Youtube + Firearms…not such a good mix

A little background on the video. Some of you may recognize Matt Farrah from his work on the now defunct Speed Network’s defunct “The Car Show” hosted by Adam Carolla. Mr. Farrah has his own site called The Smoking Tire as well as a youtube channel by the same name. He also does some video for the Drive Network on youtube and writes for various car sites around the web. So he’s not some rando running a youtube channel with an iSight camera.

…which means he should have known better than to get inside that passenger compartment. The guy pulling the trigger should have had better sense than to actually shoot with another human being he didn’t intend to kill in the flight path of his bullets. The gag here was supposed to be use of an armored car…but it doesn’t appear that anyone involved actually understood what “armored car” actually means. Exactly how the vehicle is armored, to what level it has been armored, the manufacturer’s warranty on the armor, and the age of the various bits of the vehicle all play into the level of protection it offered when they were about to press the record button on that video. Suffice it to say that age, environment, use and time impact the level of protection offered by various armor solutions. This is especially true of “ballistic glass” which can be significantly damaged by exposure to sunlight. There’s a reason why the United States Secret Service buys a new fleet of limousines for the President every so often, folks…they aren’t tanks. They don’t offer an indefinite service life.

While it’s possible all the players involved in that video did their homework and had answers to these questions, I’m going to guess that they never really explored it thoroughly or consulted with some experts in armored vehicles before giving it a go. If I’m wrong, Mr. Farrah, then accept my readily offered apologies. If your crew actually took all the precautions one would normally take with a stunt shoot (including having qualified medical response on standby) then good on you…just include a disclaimer stating all of this on the video and it will probably save you a lot of grief. facepalm

Youtube is growing by leaps and bounds, and some of the larger “youtubers” have managed to turn video shot on an iSight camera into a significant online presence and a startling amount of money. Invariably this combination of profit motive, an almost wide-open medium, and young enthusiastic people with an interest in firearms is going to lead people to put gun stuff up on youtube. Every week there seems to be more gun-related content on the site which isn’t a bad thing in and of itself. The bad thing is the temptation to take stupid risks in order to stand out.

There are a ton of car sites out there on the web, all of them hungry for those precious clicks that generate that delicious advertisement money. A video where somebody gets shot at inside an armored car is probably going to generate some clicks, and that puts money in the pocket. The same is true in the gunniverse. There are a lot of people out there aspiring to turn their hobby into a paycheck or online prestige and in and of itself there’s nothing wrong with that…but without proper sanity checks that desire can turn into something dangerous. When “this will look great on youtube!” starts to overpower thoughts about safety, sanity, or proper application it’s only a matter of time until something tragic happens. We already have examples of folks trying super-duper high-speed CQB training on video complete with major safety violations, as well as video footage of people actually injuring themselves by incompetent attempts to replicate techniques taught in training they hadn’t yet mastered. The thought seems to be entirely on the side of getting good footage, maybe that next neat thing that will get you more subscribers or more clicks, and not on carefully weighing the risks of what’s being attempted.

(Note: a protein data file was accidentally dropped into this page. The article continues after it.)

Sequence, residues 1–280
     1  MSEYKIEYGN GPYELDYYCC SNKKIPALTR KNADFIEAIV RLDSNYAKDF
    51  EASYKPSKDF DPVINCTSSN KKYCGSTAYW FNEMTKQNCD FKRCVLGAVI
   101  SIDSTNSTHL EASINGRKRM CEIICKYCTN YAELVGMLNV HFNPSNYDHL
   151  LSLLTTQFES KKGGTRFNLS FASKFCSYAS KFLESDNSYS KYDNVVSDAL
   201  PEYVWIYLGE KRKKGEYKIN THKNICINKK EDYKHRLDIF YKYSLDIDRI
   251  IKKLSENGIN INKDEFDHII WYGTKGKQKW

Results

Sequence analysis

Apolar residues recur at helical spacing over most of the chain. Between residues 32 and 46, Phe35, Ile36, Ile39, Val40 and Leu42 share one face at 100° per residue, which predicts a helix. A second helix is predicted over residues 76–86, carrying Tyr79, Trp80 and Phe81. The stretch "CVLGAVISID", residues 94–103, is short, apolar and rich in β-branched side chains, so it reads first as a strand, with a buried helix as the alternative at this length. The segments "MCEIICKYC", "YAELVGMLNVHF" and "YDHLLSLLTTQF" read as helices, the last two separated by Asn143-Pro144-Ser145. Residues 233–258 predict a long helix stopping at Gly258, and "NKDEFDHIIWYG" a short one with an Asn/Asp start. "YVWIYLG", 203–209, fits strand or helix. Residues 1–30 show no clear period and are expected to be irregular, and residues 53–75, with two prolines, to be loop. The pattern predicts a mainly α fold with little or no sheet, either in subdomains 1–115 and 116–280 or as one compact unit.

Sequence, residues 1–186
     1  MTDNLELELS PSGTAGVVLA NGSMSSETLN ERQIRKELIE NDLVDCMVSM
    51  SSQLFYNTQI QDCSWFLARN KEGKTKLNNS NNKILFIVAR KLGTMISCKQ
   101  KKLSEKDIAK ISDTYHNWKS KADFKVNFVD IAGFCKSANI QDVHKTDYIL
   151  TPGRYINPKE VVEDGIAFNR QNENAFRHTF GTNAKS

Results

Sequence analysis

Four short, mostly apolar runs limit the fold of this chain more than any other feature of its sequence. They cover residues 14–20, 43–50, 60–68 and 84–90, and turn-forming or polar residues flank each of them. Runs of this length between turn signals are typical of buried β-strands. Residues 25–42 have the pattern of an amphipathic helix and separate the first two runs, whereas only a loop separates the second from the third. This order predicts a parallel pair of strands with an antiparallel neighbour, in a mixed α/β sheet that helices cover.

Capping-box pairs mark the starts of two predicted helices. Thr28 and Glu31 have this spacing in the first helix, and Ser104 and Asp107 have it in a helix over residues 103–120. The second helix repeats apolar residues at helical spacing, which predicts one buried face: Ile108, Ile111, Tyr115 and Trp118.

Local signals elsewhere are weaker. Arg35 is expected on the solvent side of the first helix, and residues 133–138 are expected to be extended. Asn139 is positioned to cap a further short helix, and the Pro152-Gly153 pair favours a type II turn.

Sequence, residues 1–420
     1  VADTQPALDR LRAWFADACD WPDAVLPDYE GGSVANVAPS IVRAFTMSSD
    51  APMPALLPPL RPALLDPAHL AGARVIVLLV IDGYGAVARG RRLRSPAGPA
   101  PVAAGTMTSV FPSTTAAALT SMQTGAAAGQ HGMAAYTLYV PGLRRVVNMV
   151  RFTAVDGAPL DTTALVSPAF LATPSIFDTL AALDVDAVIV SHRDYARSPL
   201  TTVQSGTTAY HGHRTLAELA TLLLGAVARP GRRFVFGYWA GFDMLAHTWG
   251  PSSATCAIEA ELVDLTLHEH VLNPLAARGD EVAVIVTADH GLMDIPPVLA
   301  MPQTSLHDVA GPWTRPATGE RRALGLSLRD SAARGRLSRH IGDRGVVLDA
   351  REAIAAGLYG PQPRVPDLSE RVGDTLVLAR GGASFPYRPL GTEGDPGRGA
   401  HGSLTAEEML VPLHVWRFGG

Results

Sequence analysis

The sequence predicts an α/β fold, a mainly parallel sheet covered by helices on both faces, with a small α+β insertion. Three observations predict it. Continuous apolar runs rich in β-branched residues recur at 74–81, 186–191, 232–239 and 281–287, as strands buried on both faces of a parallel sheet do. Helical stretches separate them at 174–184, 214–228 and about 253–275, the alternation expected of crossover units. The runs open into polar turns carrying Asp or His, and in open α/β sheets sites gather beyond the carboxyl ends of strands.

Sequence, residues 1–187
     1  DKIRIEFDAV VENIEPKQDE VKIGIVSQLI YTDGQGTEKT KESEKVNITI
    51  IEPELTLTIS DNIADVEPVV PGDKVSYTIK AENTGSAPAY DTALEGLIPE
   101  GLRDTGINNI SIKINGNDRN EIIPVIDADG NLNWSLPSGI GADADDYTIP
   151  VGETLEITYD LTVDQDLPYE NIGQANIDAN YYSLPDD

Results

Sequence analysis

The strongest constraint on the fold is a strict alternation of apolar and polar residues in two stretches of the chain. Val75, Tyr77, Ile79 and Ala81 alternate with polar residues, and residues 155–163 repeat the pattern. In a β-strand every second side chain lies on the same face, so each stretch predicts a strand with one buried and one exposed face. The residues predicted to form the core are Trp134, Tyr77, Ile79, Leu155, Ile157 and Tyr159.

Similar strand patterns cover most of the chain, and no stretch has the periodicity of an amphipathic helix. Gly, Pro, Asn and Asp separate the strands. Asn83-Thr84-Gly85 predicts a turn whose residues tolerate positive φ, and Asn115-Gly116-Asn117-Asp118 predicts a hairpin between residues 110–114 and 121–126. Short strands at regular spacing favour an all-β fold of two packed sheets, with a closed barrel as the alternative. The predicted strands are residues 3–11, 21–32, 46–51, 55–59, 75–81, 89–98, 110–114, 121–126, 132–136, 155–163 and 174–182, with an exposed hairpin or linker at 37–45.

You really don’t want to be the person who goes viral because you shot yourself, folks.

So what am I driving at? Be careful. If you want to do something cool on youtube or a blog, stop for a minute and realistically assess the risks. Run the idea by some people who can be trusted to look at it with a critical eye. If you get a cool idea involving a gun, don’t just run right out and do it…think it through like your life or someone else’s might depend on it. When we’re talking about firearms that very well might be the case.

Don’t be lured into disaster by the siren song of clicks. Don’t be the guy shooting at another person in an armored car you know very little about. Don’t be the guy with a fake accent on youtube blowing stuff up and narrowly avoiding taking your own head off with debris from the explosion. Don’t use firearms as props in stunts, folks. They’re not props. They’re lethal weapons. Behave sensibly with them and you’re unlikely to have any problems. Get stupid with guns on camera and it’s a matter of when, not if, somebody ends up bleeding.

 

3 thoughts on “Youtube + Firearms…not such a good mix”

  1. But Tim, your just a safety nazi and you don’t know that they didn’t ensure the guy was safe behind real 100% ballistic armor! Don’t comment on stuff you don’t have first hand knowledge of!

    /end sarcastic parody of idiots who like to make excuses for really unsafe behavior (or the depiction of unsafe behavior)

    1. And apparently I’m an idiot who types too fast for his own good and doesn’t proofread his comments: you’re

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